Among the various methods which have been proposed to increase the speeds at which metal sheet can be coated is to apply a layer of suitable thickness of an unsaturated monomer or mixture of monomers to the metal sheet surface whereupon the monomer layer is activated to react and form a cured polymer coating by exposing the layer to a source of ultra-violet radiation. The activation is carried out at ambient temperatures, and since the action of the ultra-violet radiation is extremely rapid, the monomer layer can be polymerized in a continuous flow movement across the source of irradiation. Since no evaporation of solvent is required, polymeric coatings are obtained in relatively short periods of time.
Although a wide variety of unsaturated monomeric compounds have been proposed for use in forming polymeric coatings using ultra-violet curing procedures, these compounds, when exposed to an ultra-violet source, do not always form hard, adherent, solvent-resistant coatings of the type which are required for coating articles.
SUMMARY OF THE INVENTION In accordance with the present invention, there is provided a rapid method of preparing clear, colorless, hard,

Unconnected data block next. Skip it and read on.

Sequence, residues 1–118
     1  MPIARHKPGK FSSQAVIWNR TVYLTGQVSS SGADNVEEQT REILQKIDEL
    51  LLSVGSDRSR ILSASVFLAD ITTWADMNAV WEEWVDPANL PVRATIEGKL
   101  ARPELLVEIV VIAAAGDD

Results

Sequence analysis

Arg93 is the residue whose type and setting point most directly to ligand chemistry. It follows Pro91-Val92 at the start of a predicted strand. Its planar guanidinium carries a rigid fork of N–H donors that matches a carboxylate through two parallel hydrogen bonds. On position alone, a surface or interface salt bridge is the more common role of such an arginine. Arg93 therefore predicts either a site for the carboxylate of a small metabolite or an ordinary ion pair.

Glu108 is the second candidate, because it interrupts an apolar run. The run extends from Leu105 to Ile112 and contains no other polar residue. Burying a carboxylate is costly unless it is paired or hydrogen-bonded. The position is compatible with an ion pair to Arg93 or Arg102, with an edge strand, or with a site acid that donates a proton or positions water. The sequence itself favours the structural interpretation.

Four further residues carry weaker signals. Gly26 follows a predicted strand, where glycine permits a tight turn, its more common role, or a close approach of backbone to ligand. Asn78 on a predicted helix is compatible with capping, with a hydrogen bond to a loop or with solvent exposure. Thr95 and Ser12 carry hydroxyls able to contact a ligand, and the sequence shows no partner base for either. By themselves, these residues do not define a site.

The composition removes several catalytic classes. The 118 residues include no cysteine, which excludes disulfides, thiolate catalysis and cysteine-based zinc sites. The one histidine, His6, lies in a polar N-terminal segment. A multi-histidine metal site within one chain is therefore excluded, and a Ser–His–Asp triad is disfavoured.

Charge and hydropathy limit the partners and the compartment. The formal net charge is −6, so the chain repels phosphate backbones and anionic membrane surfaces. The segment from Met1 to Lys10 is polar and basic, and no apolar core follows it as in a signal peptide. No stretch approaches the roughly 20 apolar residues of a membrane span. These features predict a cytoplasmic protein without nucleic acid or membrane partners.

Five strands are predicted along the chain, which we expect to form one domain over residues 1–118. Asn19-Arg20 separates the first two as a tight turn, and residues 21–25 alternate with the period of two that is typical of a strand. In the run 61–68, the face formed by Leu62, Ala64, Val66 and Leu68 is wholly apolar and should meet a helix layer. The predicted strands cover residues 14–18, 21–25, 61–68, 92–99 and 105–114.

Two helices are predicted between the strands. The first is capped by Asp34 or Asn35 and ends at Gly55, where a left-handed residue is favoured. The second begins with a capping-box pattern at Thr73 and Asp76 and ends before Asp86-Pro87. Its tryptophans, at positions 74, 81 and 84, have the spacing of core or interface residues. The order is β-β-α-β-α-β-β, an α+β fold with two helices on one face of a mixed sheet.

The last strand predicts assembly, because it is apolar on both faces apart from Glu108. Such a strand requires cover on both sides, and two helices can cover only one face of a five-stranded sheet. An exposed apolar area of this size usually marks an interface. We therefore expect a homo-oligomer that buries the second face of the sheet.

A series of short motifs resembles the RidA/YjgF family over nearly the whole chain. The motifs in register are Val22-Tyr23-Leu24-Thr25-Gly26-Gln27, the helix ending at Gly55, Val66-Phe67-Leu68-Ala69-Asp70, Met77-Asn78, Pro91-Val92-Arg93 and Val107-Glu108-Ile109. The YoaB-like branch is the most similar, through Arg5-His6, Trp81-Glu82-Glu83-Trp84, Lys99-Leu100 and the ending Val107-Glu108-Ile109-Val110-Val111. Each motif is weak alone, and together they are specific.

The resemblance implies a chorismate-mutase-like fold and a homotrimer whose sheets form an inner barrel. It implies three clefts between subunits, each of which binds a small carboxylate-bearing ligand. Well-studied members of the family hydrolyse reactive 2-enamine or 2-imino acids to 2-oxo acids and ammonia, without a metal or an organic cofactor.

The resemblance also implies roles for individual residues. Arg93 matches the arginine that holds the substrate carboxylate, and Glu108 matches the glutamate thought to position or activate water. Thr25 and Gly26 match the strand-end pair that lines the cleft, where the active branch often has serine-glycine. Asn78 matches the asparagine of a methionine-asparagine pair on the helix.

Patented Mar. 2, 1971 solvent-resistant adherent polymeric coatings on solid substrates, such as metal, paper, plastic and the like, wherein there is applied to the substrate a thin film of a polymerizable ester prepared by the co-condensation of 5 acrylic acid and a dicarboxylic acid selected from alphaunsaturated, alpha,beta-dicarboxylic acids having 4 to 5 carbon atoms, and saturated aliphatic dicarboxylic acids having 3 to 12 carbon atoms with a polyhydric alcohol having at least 3 esterifiable hydroxyl groups on adjacent carbon atoms, 45% to of the hydroxyl groups being esterified with the acrylic acid, and 5% to 55% of the hydroxyl groups being esterified with the dicarboxylic acid. The polymerizable ester-coated side of the substrate is exposed to a source of ultra-violet light for a time suflicient to elfect the polymerization of the ester and to convert the ester into a hard, continuous adherent coating on the substrate.
The process of the present invention eliminates the high cost and time of the oven-baking cycle which is currently used for producing metal surface coatings. The polymerized coating prepared by the process of the present invention contains no residual catalysts or other foreign substances enabling the coating to readily meet the purity standards required of coatings in the container field.